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Women's Health: More Than 'Bikini Medicine'


I'm Michel Martin and this is TELL ME MORE from NPR News. Later in the program, we will talk about Passover, which begins at sundown tonight. It commemorates the Jewish people's escape from slavery in Egypt to freedom.

We were wondering what it's like to observe when you are not free, so we'll speak with the former lobbyist, Jack Abramoff, about that. You might remember that he served more than three years in prison for fraud and tax evasion. He'll be with us in just a few minutes.

But first, it's also Women's History Month and, through this month, we've been speaking with women who've been game-changers in their fields. Today, we speak with a leader in the field of women's health and when you hear that term, you could be forgiven if you thought reproductive health. Some people even called it bikini medicine because, for so long, the focus of research and medical practice seemed to be almost exclusively on the areas of the body you'd cover with a bikini.

But our next guest has broadened our understanding of how gender affects health, as well as the career path for those interested in the issue. Her name is Dr. Janine Austin Clayton. She is the director of the National Institute of Health's Office of Research on Women's Health. She is a clinician and she also sets policy for how NIH does research in women's health and she's with us now.

Welcome. Thank you so much for joining us.

JANINE AUSTIN CLAYTON: Thank you for having me.

MARTIN: You come from the field of ophthalmology and it was there, in studying eyes, that you discovered specific eye diseases that disproportionately affect women and I'm fascinated by how you drew that conclusion, how you even came up with the idea to look at this.

CLAYTON: So there are hormones that actually circulate within the eye, as well as the rest of the body, and that was being recognized by research and so the preponderance of women that I was seeing as patients time after time, nine out of 10 of the people I was seeing as patients were women and that kind of sparked my interest and combined with the research data that was becoming available at the time.

MARTIN: So there are objective scientific differences between men and women that need to be taken account into the field of health in your view?

CLAYTON: Absolutely, absolutely. From head to toe, there are differences. Any five-year-old kid could tell you there are differences between males and females, and goes beyond that. From head to toe, our diseases present differently. Sometimes, the course of the disease is different. The treatments - we respond to the treatments differently, males and females - and there may be differences in adverse outcomes related to therapy. So this is a safety issue, as well as a health care/clinical issue.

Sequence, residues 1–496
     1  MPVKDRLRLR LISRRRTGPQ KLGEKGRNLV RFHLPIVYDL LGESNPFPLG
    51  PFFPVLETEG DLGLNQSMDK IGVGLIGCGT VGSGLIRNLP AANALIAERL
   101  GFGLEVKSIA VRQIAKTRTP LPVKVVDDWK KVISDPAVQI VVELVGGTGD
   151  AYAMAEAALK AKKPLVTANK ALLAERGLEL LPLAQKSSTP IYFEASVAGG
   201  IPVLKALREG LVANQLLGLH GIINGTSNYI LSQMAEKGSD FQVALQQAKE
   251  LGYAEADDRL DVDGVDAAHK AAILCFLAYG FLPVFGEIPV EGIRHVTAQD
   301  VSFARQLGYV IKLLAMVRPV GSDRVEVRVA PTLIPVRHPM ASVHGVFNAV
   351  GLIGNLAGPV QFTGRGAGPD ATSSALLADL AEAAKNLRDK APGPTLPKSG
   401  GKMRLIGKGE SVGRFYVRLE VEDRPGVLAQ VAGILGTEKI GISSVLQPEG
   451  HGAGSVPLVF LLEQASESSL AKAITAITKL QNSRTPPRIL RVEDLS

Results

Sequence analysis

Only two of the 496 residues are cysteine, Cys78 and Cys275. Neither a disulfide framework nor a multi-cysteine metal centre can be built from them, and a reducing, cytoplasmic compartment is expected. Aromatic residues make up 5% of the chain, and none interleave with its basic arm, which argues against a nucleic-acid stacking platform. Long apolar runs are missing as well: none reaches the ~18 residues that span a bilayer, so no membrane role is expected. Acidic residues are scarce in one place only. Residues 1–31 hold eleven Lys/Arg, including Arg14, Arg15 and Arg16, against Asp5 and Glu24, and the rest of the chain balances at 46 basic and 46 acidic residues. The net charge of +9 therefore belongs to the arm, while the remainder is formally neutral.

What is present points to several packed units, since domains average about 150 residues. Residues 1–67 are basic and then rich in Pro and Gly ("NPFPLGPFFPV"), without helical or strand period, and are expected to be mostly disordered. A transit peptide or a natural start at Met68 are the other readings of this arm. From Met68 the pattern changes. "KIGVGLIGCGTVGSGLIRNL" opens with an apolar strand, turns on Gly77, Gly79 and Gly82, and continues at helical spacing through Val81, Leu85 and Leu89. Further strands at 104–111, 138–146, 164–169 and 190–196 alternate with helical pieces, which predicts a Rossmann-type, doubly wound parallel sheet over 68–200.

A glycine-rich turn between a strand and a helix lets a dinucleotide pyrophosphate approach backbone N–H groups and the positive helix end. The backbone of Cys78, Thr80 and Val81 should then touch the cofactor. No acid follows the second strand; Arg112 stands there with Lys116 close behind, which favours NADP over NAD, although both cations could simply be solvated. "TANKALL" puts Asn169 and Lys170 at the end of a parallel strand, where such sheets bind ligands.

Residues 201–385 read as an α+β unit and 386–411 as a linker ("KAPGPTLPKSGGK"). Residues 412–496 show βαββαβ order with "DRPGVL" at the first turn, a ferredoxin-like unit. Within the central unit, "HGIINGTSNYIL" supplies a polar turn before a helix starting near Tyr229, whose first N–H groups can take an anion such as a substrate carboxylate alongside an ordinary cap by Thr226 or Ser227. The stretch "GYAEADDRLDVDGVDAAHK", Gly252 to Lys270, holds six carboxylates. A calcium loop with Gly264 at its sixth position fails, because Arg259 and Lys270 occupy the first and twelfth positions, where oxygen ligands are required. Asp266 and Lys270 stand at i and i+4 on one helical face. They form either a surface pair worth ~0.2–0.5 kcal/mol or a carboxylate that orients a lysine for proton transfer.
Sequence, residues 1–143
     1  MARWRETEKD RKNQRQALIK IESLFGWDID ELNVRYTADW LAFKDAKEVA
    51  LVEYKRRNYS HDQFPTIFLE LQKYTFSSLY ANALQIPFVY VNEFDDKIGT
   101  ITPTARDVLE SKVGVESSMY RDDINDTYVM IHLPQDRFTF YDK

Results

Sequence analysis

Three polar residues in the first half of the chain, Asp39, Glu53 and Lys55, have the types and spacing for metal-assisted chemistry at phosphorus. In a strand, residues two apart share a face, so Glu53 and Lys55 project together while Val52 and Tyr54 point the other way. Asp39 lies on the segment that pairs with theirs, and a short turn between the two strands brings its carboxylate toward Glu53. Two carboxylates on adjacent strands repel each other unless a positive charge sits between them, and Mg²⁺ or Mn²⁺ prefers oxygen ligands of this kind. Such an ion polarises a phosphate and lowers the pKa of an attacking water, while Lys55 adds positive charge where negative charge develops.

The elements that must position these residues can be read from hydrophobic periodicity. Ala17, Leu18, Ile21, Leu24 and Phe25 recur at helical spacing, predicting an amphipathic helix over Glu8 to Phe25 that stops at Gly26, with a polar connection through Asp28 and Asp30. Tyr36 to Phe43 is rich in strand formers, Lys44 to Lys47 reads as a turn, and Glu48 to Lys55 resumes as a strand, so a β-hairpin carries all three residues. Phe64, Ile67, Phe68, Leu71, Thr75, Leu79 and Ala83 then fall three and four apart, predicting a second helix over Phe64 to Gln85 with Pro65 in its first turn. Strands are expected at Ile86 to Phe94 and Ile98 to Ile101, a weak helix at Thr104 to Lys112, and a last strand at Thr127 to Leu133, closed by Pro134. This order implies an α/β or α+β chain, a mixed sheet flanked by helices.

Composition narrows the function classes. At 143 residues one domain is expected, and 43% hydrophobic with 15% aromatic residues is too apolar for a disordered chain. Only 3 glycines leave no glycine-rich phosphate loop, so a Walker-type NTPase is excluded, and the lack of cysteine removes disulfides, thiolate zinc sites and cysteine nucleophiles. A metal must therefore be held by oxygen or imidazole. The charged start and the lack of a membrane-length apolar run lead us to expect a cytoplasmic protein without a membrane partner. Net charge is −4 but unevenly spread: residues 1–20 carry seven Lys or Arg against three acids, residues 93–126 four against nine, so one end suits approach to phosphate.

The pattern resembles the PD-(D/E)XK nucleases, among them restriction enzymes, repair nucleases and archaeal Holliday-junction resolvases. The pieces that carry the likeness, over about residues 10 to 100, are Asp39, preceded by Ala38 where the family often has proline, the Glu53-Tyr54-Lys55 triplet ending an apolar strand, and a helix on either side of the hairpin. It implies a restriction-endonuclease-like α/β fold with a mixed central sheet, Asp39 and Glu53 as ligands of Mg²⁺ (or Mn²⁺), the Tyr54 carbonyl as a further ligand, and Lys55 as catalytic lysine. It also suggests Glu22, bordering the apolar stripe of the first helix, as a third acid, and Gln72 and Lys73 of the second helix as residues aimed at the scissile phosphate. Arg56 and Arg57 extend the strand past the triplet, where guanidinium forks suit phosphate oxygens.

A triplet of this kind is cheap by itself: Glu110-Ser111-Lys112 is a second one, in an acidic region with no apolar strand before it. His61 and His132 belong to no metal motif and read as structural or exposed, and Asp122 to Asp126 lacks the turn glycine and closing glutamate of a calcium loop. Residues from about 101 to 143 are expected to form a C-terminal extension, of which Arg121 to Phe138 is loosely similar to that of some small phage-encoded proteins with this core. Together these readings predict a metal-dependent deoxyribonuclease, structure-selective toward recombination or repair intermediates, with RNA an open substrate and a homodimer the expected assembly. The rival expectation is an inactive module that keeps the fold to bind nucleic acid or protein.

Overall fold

MARTIN: But, you know, you were also telling us that it was not long ago that women were actually excluded from medical research and your department, the Office of Research on Women's Health, was instrumental in changing that, but that's a relatively recent change.

CLAYTON: Absolutely.

MARTIN: Why is that?

CLAYTON: Earlier on, before 1990 when the office was formed as a result of a lot of work by many individuals, including the Women's Caucus, women were excluded because of a protectionist attitude. They thought that women - certainly, women who might get pregnant during a study and that could be harmful to the fetus, so there was an attitude of - we want to protect women. It wasn't necessarily a malevolent exclusion.

Also, the notion was, if we do this in men, it's fine. We can just apply those findings to women. It wasn't well recognized; the major differences between males and females, down to the level of each cell having a sex based on the chromosomal complement.

MARTIN: You were saying that - you were telling us, for example, that one major difference is the relatively recent awareness that heart disease presents very differently - excuse me - in women and men, that this has all sorts of important implications. Could you just talk about that?

CLAYTON: Absolutely. Heart disease is a number one killer worldwide. It's the number one killer of men and women in this country and, unfortunately, the crushing chest pain, the elephant sitting on your chest, is a classic presentation for a man, not necessarily women. Women do have chest pain, but unfortunately, women can be having a myocardial infarction, having a heart attack, and have no chest pain. They may just have more fatigue than usual, difficulty with sleep, other problems, headache, stomach ache, indigestion without the chest pain. So, because women don't know that, they may not seek help when it could be life saving, for example.